How to fulfill your hiring needs during the COVID-19 pandemic

By Lucy Cunningham and Rick Kempinski | May 14, 2020

The COVID-19 pandemic has demonstrated the importance of an effective federal workforce, yet it can be challenging to bring on new talent during a crisis. In April, the Partnership hosted two virtual roundtables to help federal human capital leaders recruit and fulfill their hiring needs in a virtual environment.

Best practices to bring qualified talent on board quickly

Roundtable participants who shared hiring lessons they’ve learned over the years included professionals from the National Science Foundation, the Office of Personnel Management, the Office of Personnel Management and 18F, an office in the General Service Administration focused on helping agencies build, buy and share technology. Here’s some of what they suggested:

  • Work closely with hiring managers. When starting to hire, consult with hiring managers to determine what GS-level is needed for both the short and long term, and what skills and abilities the agency needs. 
  • Think strategically about the position the agency needs to fill. Consider the type of candidates you’d like to reach, and the hiring authorities in your toolbox. Are you looking for short-term employees, or to grow talent for the future? For hiring experienced people for the short term, consider the new Coronavirus (COVID-19) Schedule A hiring authority, the Intergovernmental Personnel Act authority, and the U.S. Digital Service and 18F, both of which provide access to specialized talent. Also consider these options:
    • Schedule D–Presidential Management Fellows Program.
  • Stay up to date on the latest guidance. Continually check OPM guidance for updates on vetting and onboarding new employees in the current environment.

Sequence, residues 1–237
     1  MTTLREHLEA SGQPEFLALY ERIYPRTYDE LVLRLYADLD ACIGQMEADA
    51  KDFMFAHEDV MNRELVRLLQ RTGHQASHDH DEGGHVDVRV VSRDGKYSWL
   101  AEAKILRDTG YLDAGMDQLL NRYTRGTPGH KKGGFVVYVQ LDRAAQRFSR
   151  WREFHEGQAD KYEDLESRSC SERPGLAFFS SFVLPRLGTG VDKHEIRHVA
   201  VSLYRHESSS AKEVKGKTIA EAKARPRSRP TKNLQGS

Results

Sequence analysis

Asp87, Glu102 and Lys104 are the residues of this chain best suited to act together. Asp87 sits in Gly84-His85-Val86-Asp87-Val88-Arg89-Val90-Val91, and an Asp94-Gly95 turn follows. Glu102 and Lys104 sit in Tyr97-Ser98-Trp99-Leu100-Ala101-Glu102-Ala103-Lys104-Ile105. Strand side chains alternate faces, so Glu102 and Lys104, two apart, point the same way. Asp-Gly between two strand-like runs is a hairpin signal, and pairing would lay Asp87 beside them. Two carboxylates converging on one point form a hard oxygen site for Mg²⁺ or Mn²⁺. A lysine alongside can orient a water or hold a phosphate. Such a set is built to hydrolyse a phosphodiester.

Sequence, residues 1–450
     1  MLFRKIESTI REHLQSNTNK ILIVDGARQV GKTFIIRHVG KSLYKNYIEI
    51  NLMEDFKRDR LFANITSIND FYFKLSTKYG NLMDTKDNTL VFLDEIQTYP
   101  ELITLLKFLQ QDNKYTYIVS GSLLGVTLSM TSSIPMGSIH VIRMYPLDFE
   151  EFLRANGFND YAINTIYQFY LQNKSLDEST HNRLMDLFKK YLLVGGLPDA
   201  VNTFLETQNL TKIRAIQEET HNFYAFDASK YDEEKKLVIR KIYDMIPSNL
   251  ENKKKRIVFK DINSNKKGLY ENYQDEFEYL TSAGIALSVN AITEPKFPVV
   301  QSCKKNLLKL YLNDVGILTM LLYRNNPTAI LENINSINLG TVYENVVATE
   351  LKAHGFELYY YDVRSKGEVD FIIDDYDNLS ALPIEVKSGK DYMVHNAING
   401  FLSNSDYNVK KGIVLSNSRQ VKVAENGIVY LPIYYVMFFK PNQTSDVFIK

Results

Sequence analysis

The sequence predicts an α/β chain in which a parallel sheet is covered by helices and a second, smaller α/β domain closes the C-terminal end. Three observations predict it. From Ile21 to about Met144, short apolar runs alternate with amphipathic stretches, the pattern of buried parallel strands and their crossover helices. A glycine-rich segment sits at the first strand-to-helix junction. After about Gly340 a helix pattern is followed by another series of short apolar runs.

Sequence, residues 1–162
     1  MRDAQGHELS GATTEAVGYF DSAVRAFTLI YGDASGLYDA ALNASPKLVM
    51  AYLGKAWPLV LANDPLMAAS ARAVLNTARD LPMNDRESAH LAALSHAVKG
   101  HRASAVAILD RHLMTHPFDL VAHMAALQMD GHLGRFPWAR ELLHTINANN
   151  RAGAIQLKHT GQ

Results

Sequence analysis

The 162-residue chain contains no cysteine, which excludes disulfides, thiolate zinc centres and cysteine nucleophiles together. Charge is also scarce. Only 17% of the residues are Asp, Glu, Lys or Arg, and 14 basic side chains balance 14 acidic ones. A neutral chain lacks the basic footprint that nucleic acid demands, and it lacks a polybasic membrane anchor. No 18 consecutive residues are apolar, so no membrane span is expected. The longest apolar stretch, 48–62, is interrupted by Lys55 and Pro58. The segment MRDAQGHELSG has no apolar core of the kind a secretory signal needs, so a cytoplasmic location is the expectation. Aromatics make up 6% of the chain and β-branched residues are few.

Virtual recruiting tips and tricks

Participants from the Department of Homeland Security, the USDS, the Office of the Comptroller of the Currency and George Washington University discussed how to find talent quickly in a virtual environment.

  • Look within government. Share the open position with your agency’s hiring managers – the right fit may be internal. Post short-term or project-based positions on Open Opportunities to find talent at other agencies.
  • Use existing networks. Referrals from current and former employees account for a high number of qualified federal employees.
  • Take advantage of online career sites. Use Handshake to connect with students preparing to graduate with undergrad or advanced degrees. Check paid recruiting sites such as LinkedIn Recruiter and Entelo.
  • Connect with colleges and universities. Develop relationships with career services representatives, faculty and advisors. Contact deans to arrange opportunities to hold virtual discussions to share your work and meet students.
  • Seek out STEM talent. If you need employees with science, technology, engineering and math skills, attend and speak at virtual STEM conferences and competitions. Recruit candidates from fellowship programs such as the Cybersecurity Talent Initiative and the American Association for the Advancement of Science’s Science and Technology Policy Fellowships.

No matter how you find applicants, focus on your agency’s unique and important mission, and the effect people could have by becoming civil servants. Share success stories and case studies of innovative federal employees to highlight how applicants’ experiences and skills are vital to increasing the effectiveness of the federal government.

If you have suggestions on future federal recruiting and hiring sessions, contact Margot Conrad at mconrad@ourpublicservice.org.


Lucy Cunningham
Rick Kempinski